There is certainly much to laud companies like Digital Domain and AV Concepts(who pulled this execution off) as it can lead to some truly engaging experiences in the future. Maybe the best use of the technology – when related to celebrities or other famous people – will be for historical or educational purposes. Going back to the Disney park sphere, the comparison to the Hall Of Presidents in their Florida park would be most relevant.  When it first came out, the animatronics were captivating, but it was just a matter of time within the show that it became old.  Holograms would take it to the next level, but how long would the still-lifeless characters maintain our attention?

As entertainers, content providers and marketers, we just really need to be smart about how we use the technology so it doesn’t enter the realm of 3D films – where most instances are a waste.  We definitely don’t want any depiction to turn people off to the celebrities or brands they might represent or “endorse.”

There may be some other great opportunities for holograms in the future for communication – like Leia did in STAR WARS. We just have to be judicious when using the technology as a resurrection tool for the celebrities we love.


Coachella Fix Served by YouTube and State Farm

There is the saying that nothing beats the real thing, but sometimes what you have to settle for ain’t to shabby. This was the case with the Coachella Live site on YouTube. For those who were not lucky enough to get tickets nor able enough to take off for a weekend of all the crazy things that happen over the course of the weekend on a Polo field, this presentation sponsored by State Farm insurance was fantastic.  Sporting three live streams on a dashboard that included thumbnails of what you’re not watching, Facebook/Twitter/Google+ and a schedule of what’s to come, there was no lack of exploration and enjoyment possible. YouTube really showcased a phenomenal product and Coachella was able to serve the fix of a much larger audience to celebrate the music exploration and wonder that is Coachella.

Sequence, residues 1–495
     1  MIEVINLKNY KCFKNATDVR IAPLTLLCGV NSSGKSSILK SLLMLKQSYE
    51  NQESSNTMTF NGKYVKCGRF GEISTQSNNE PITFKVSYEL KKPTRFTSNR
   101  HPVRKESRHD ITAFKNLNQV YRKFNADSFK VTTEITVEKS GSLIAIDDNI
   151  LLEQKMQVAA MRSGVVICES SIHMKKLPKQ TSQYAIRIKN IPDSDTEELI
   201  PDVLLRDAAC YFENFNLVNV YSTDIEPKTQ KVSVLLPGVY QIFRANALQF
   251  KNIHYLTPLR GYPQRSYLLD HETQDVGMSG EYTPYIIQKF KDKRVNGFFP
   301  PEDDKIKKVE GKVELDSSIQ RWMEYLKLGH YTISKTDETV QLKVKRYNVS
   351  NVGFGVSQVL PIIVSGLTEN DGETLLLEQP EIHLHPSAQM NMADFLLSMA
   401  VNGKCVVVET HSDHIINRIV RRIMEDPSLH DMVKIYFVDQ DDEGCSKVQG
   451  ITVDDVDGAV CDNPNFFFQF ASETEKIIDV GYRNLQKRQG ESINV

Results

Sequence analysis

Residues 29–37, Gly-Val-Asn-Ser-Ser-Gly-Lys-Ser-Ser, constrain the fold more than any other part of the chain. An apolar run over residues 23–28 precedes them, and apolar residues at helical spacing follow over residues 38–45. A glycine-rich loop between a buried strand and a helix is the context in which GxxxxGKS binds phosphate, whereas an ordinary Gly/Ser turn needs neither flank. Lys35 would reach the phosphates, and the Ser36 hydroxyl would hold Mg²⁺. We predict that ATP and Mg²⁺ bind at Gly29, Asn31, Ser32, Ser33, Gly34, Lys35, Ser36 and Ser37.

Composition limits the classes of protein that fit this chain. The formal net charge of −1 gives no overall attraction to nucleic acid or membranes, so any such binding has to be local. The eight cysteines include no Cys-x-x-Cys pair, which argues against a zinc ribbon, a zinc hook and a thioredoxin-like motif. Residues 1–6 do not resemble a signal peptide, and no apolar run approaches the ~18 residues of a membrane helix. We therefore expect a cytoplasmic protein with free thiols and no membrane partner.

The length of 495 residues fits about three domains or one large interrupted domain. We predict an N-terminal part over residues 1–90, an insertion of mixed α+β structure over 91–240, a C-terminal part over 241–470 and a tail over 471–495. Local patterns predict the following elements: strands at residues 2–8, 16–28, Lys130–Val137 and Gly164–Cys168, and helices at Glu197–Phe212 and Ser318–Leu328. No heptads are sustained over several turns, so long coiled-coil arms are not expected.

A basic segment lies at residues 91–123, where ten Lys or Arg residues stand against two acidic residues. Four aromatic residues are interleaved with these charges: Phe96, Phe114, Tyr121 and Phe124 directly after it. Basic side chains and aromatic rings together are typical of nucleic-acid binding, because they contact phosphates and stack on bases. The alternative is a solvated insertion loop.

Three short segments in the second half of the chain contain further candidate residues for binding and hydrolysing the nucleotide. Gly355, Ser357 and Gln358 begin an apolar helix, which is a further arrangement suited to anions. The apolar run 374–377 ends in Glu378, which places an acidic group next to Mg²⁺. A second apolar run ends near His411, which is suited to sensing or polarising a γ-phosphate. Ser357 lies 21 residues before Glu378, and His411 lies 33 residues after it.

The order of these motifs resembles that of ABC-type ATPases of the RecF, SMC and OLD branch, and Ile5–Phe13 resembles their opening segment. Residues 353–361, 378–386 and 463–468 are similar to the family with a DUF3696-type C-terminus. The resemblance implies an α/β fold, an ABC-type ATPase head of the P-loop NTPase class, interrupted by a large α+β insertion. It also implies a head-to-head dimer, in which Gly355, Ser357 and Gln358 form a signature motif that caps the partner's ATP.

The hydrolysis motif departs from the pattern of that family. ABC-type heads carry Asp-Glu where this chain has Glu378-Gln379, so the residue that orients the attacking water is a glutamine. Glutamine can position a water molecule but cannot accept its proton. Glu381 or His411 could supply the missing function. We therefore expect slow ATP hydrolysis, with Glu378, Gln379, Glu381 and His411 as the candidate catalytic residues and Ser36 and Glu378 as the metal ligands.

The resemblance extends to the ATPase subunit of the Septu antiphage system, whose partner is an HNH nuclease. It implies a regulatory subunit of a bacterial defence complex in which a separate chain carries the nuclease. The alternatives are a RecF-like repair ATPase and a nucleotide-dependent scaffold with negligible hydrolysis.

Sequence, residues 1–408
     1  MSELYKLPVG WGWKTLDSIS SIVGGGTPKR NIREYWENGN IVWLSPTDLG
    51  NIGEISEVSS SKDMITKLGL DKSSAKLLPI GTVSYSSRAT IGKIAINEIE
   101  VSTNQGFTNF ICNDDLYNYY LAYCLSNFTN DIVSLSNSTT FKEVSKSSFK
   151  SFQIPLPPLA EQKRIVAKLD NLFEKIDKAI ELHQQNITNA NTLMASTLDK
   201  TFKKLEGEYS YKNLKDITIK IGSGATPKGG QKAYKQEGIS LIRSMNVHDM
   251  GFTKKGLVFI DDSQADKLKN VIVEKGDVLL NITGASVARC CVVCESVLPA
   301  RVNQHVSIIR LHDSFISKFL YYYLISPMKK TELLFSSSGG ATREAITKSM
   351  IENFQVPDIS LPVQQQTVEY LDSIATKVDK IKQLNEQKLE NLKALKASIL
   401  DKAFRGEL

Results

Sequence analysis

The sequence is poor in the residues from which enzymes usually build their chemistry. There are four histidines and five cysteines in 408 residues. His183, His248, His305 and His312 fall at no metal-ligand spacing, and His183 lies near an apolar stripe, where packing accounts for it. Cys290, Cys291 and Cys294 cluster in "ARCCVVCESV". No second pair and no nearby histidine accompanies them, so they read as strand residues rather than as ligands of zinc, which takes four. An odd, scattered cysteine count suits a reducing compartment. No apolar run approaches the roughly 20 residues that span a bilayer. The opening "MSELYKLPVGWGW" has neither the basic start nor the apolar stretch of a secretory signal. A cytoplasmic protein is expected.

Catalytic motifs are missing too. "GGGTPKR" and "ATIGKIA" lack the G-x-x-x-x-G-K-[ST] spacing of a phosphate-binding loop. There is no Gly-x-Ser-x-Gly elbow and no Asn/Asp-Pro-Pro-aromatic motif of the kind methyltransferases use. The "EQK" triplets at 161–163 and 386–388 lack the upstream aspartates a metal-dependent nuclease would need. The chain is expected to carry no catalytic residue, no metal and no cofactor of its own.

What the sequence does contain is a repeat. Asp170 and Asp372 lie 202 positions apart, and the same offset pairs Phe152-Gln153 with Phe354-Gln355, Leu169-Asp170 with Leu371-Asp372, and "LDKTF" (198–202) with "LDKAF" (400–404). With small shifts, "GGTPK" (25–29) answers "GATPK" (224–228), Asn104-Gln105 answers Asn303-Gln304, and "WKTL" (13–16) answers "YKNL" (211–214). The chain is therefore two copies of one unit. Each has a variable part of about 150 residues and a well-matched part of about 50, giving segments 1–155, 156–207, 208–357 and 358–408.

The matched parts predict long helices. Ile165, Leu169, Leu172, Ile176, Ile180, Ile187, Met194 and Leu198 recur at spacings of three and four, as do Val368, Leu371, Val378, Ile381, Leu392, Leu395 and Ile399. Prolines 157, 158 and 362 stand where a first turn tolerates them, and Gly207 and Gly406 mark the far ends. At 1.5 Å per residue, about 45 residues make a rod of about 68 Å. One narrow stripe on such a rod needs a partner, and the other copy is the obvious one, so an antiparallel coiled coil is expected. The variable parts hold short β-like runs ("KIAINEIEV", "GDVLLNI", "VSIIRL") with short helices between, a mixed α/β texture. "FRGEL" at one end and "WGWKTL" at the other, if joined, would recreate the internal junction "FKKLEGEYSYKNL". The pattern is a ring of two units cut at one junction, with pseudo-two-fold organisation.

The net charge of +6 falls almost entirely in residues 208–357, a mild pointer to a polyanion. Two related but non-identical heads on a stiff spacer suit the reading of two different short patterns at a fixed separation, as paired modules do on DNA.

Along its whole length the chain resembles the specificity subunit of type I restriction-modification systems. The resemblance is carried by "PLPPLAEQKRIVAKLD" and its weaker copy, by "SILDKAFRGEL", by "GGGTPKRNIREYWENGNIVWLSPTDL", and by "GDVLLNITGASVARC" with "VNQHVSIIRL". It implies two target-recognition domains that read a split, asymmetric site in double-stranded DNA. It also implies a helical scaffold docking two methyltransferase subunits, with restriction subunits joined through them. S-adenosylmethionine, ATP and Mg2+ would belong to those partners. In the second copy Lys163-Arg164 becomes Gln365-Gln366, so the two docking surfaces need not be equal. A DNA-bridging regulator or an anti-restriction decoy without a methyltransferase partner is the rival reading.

There were a number of elements that really made this content great:

  • The interface was simple, clean and clear;
  • The production quality was strong throughout. The on-site direction and coverage was comprehensive and, in some instances, rivaled that of a well produced concert video.
  • The streaming quality was better than I had expected. In most cases, both the small and full screen versions were very clear. Sometimes, the images were getting pixellated, but there was no rhyme or reason that I could make out. When the image quality was good, it was great and when it wasn’t, it wasn’t that bad.
  • The sound quality was clear and consistent throughout – even when the picture was not.
  • The Chat was extremely active with very little delay.  Unlike previous versions of this type of thing that I’ve seen, you could see songs, comments or lyrics presented on stage referenced almost immediately in the feed. The fact that three major social networks were incorporated  for ease of entry and use seems like a no-brainer. It’s surprising how many feeds choose not to use more than Facebook and Twitter…